The housing market in New Jersey seems to be on the upswing. January had the strongest start of a year since 2007 and many in the industry are optimistic for the future. New Jersey Builders Association Treasurer and K. Hovnanian Homes Vice President Dave Fisher told NJ Today Managing Editor Mike Schneider that he was surprised by the latest numbers but encouraged by them.
“It’s good news for the housing industry and it’s good to see that more homes are being sold in New Jersey, permits are being issued. So it’s an encouraging number,” Fisher said.
While new construction resulting from Hurricane Sandy damage hasn’t picked up tremendously, Fisher said there has been some new activity on that front. “I think compared to last January, which is what it’s gauged against, we’ve seen more activity in the start of this year in part because financing remains available although lending requirements are tough, interest rates are low and consumer confidence is up a bit from the prior year,” he said. “Most of it I think reflects a good portion of multifamily housing in central and northeastern New Jersey.”
Over the past decade, Fisher said there has been a transition to more housing concentrated in areas that are well developed in parts of central and northern New Jersey and along the coast. He said more multifamily housing is being used because of the needs of younger buyers and because zoning for traditional larger lot single family homes is not as available as it used to be. He said there are a variety of reasons for the lack of availability, including that the land is already developed or land is being protected or preserved for environmental reasons.
Fisher said his company is doing well, seeing a pickup in buyer interest in “well located communities.” He said K. Hovnanian Homes is building quite a bit in central and northeastern New Jersey as well as eastern Pennsylvania. “We’ve seen more activity, some sales increases and price increases in well located projects,” he said.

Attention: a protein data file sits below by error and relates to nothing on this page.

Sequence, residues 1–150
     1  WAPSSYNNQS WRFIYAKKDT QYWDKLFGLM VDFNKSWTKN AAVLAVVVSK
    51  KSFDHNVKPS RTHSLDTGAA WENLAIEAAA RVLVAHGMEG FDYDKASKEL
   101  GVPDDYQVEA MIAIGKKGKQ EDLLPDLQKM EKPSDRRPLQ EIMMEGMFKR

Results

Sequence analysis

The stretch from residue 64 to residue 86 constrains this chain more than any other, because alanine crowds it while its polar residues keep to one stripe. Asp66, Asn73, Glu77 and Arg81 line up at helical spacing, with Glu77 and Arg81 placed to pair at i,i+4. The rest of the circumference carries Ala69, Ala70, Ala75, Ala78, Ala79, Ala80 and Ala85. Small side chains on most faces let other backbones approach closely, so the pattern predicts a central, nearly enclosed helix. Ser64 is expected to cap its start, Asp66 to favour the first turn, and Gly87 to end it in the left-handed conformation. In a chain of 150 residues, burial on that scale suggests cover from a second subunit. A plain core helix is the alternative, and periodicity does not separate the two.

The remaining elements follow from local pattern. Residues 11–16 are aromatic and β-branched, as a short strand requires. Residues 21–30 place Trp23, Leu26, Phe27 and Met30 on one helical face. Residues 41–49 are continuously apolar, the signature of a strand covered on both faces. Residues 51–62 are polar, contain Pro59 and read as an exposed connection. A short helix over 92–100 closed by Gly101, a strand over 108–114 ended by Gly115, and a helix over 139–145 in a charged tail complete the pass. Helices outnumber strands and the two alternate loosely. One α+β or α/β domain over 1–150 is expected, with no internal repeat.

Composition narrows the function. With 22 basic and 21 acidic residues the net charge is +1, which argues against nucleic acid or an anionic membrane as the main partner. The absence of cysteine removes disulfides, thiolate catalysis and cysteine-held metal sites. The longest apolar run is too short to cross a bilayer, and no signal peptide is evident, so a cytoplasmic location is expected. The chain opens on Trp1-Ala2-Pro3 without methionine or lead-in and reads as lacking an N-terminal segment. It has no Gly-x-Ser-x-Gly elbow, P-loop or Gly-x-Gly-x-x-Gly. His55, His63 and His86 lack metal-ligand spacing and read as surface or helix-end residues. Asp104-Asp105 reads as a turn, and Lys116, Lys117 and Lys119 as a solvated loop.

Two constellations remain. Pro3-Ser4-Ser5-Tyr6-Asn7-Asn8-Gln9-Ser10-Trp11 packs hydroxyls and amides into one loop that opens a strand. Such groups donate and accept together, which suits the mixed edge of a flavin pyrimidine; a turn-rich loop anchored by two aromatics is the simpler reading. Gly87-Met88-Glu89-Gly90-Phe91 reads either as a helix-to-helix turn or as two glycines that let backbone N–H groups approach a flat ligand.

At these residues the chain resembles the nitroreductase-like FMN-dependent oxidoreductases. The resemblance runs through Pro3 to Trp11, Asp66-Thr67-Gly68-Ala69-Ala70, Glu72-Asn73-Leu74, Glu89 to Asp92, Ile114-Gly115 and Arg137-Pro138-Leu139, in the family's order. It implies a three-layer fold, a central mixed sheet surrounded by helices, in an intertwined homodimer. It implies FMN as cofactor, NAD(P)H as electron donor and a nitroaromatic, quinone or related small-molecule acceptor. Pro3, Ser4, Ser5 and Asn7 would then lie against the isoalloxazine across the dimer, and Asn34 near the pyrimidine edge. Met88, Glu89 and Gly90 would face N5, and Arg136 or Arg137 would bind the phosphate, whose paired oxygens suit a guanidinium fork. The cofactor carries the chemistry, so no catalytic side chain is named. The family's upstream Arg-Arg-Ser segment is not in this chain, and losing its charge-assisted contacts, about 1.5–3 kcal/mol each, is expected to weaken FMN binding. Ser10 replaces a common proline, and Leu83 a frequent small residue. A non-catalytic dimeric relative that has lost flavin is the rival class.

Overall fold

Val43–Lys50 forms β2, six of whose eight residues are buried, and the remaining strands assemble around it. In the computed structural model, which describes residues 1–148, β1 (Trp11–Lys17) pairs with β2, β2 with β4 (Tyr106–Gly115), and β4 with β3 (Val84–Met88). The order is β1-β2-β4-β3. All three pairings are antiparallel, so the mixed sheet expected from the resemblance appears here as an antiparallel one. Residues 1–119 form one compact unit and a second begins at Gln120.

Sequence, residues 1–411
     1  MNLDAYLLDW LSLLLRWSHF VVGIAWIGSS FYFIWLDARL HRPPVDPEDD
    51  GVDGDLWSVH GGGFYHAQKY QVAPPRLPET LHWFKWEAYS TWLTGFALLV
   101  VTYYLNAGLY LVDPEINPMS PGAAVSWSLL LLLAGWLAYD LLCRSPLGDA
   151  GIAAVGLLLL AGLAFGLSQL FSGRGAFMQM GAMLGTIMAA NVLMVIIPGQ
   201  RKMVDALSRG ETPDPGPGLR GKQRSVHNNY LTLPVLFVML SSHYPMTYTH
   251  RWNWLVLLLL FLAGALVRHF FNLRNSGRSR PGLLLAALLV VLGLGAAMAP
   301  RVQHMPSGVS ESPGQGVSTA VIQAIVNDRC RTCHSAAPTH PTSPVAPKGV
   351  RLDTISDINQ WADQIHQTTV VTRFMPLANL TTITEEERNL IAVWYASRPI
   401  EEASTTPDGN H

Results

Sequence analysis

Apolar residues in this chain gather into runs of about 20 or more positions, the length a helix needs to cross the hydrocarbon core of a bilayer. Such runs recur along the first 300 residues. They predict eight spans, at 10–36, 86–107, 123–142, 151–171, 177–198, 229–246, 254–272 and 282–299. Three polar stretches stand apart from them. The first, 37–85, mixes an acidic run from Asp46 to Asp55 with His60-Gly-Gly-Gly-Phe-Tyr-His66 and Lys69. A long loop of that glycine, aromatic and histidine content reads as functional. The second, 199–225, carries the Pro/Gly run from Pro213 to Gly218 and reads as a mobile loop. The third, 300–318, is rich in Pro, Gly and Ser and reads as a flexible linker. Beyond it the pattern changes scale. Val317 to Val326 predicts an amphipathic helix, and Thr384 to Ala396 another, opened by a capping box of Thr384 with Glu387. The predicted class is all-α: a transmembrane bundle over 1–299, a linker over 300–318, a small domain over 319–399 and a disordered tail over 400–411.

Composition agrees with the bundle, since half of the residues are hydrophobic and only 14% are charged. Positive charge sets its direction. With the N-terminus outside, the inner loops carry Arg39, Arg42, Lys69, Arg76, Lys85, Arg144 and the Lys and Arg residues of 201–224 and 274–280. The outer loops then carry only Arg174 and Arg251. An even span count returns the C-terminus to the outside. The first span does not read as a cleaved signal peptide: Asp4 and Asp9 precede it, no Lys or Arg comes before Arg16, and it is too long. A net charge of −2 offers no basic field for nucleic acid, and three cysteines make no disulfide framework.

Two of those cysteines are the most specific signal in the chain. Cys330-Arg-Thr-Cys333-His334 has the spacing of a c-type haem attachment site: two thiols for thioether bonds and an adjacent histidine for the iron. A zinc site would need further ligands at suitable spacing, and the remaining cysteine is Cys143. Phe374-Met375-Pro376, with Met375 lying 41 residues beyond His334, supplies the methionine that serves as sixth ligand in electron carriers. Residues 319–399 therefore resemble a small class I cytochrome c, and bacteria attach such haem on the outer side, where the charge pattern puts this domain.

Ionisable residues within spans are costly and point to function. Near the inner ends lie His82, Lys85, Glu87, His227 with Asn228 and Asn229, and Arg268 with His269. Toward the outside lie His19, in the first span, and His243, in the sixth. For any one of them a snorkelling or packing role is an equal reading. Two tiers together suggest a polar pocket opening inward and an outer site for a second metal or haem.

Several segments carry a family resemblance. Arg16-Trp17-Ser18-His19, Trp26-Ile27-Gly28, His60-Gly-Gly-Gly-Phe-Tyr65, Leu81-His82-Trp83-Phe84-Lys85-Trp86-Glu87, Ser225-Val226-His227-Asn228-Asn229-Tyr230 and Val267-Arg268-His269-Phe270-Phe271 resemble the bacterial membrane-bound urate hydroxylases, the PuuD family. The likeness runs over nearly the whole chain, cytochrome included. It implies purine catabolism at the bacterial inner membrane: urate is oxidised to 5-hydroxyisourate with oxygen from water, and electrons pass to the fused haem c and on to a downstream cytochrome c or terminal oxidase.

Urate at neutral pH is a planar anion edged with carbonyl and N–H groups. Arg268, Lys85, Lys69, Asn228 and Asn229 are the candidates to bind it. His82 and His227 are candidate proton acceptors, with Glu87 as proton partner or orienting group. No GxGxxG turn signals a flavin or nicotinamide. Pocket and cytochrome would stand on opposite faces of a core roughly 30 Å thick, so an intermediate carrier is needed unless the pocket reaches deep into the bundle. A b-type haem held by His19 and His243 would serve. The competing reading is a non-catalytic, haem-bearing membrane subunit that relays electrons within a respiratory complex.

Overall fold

While Fisher said most of the communities hardest hit by Hurricane Sandy are anxious to get residents back into their homes as quickly as possible, he anticipates the impact won’t be seen right away.
“There are some impediments and obviously conditions depend on whether the homeowner had insurance or not, how badly their house was damaged and whether they intend to or need to completely rebuild as opposed to elevate their house,” Fisher said. “Much of that hasn’t begun and I think we’re going to see more economic activity as a result of the hurricane over a prolonged period of time, several years at least.”
A report released earlier this year found that more residents moved out of New Jersey in 2012 than any other state. When asked if he has had trouble selling homes to people outside of the state, Fisher said his company’s primary market is the New York/Philadelphia area.
“People who live here like to live here. I think most people see the benefits of being in a state like New Jersey — close to all of the employment that is here, the cultural, the agricultural, the opportunities that we have in New Jersey which is so diverse,” Fisher said. “But it is an expensive state and I think that someone coming here from another part of the country where costs are much lower may have a difficult time getting used to the cost of housing, which is why we continue to see eastern Pennsylvania as still a reasonably good housing market.”